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Druidic
07-24-2014, 04:07 PM
For any interested in Gurdjieff and Gnosticism, a very controversial article.

http://www.dar-al-masnavi.org/mevlevi-vs-gurdjieffism.html

This, too, is good and perhaps easier reading. Who Needs The Higgs :

http://whoneedsthehiggs.blogspot.com/p/stand-alone-connected.html

subject6
07-25-2014, 03:26 PM
Thank you for this post, Druidic. The Gurdjieff work, and specifically its radical assertions around agency, is remarkably compelling and certainly relevant to a critical but determined effort to grasp the potential of human experience.

Druidic
07-26-2014, 07:29 PM
Thanks for the encouraging words, subject6!

The following definition of what Gurdjieff called Formatory Thinking is taken from the Esoteric Glossary:The formatory apparatus is Ouspensky's term for the mechanical aspect of the lower intellectual center. The natural function of this center is storage of information and its associative retrieval. The term formatory thinking Is used when this function replaces the less mechanical aspects of thinking. Formatory thinking is characterized by insensitivity to context, black and white statements or strictly agreeing or disagreeing. Repeating by rote and not taking specific circumstance into account are the main characteristics of formatory thinking. Mouravieff states the the human intellect is blind to the 'third force.' This is specially true of formatory thinking.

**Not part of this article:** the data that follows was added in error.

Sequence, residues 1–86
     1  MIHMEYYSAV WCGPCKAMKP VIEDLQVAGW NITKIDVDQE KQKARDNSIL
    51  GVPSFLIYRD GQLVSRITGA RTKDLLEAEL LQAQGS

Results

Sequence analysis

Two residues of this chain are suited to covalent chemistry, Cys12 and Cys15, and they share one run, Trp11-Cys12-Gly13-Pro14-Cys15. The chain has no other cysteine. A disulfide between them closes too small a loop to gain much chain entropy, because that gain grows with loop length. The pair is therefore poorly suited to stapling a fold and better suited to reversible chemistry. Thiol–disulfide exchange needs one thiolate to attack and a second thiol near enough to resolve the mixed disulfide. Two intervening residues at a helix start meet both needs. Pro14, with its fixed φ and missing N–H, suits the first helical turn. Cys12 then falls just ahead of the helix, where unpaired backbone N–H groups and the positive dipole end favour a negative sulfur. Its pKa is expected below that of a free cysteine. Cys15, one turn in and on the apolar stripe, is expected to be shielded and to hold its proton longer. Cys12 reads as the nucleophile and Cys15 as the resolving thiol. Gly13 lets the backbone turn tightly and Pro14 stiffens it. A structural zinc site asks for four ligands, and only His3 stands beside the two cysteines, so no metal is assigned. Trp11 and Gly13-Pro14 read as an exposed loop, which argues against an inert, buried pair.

A good definition.Recently I was reading a critic who found some of Gurdjieff’s claims so outrageous as to be truly humorous. Apparently his favorite was Gurdjieff’s insistence that the actions of the sleeping man, his life and death, invariably “feed the Moon.” It struck him as hysterical. I suppose he would have laughed even harder if he came across the possible alternative for a seeker who doesn’t want to become lunar nourishment: To become “good fertilizer” instead.

Sometimes we become so blind to the obvious, things have to be restated in a new way or we dismiss them from serious consideration; familiarity has dulled us to their truth. In Beelzebub’s Tales, Gurdjieff talks of a “mad” planet where the inhabitants live in a near psychotic state. Their favorite activity is a game Beelzebub dubs “Five Against One” and its popularity never grows old. The natives call this Game ‘War’. {“Five to one/one in five/ No one here gets out alive…”) For me, G.’s talk of feeding the Moon wasn’t especially mystical. Our actions can either join the general lunacy or we can try for something better. Small (?) things like leaving a decent legacy behind at our death, a legacy that doesn’t feed into the general madness but just provides “good fertilizer” for those who come after.

Did G. mean literally (as Colin Wilson believed he did) that mechanical man feeds the Moon at the moment of Death? It’s certainly possible but it doesn’t interest me because I can’t verify it. I can only verify the truth of his words as that truth resonates in me. Like so much else, what you bring determines what you take away. One look at this damned planet shows that even today the appeal of some games is enduring.


Just found some interesting video of Gurdjieff. It seems genuine.

Gurdjieff - Rare Remarkable - YouTube